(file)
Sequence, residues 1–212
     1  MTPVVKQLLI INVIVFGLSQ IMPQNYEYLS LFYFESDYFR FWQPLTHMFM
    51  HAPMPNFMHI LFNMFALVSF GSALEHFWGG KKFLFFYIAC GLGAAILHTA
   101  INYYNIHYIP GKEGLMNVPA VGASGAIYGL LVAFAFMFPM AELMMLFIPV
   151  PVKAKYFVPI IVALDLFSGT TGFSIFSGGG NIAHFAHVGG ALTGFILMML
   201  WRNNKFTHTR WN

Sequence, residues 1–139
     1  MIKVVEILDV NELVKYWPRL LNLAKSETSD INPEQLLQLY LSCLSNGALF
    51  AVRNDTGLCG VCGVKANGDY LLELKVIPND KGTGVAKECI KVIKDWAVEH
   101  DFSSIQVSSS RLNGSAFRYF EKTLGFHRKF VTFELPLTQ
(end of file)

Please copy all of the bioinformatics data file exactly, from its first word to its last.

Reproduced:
Sequence, residues 1–212
     1  MTPVVKQLLI INVIVFGLSQ IMPQNYEYLS LFYFESDYFR FWQPLTHMFM
    51  HAPMPNFMHI LFNMFALVSF GSALEHFWGG KKFLFFYIAC GLGAAILHTA
   101  INYYNIHYIP GKEGLMNVPA VGASGAIYGL LVAFAFMFPM AELMMLFIPV
   151  PVKAKYFVPI IVALDLFSGT TGFSIFSGGG NIAHFAHVGG ALTGFILMML
   201  WRNNKFTHTR WN

Sequence, residues 1–139
     1  MIKVVEILDV NELVKYWPRL LNLAKSETSD INPEQLLQLY LSCLSNGALF
    51  AVRNDTGLCG VCGVKANGDY LLELKVIPND KGTGVAKECI KVIKDWAVEH
   101  DFSSIQVSSS RLNGSAFRYF EKTLGFHRKF VTFELPLTQ